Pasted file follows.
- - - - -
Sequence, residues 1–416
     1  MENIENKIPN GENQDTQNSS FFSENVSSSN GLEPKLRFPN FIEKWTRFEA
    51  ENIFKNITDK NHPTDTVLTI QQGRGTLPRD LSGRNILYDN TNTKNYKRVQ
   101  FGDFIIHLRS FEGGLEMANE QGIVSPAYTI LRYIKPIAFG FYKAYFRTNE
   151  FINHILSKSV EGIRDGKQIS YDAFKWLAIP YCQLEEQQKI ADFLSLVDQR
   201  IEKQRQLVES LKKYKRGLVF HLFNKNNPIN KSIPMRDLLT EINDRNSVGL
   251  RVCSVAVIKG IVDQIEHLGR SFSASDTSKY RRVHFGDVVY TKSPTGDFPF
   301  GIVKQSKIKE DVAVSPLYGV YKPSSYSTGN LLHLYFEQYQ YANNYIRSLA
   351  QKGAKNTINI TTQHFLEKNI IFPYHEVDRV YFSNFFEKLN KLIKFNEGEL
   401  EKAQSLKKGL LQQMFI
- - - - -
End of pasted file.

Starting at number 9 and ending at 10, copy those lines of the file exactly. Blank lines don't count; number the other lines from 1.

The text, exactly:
   351  QKGAKNTINI TTQHFLEKNI IFPYHEVDRV YFSNFFEKLN KLIKFNEGEL
   401  EKAQSLKKGL LQQMFI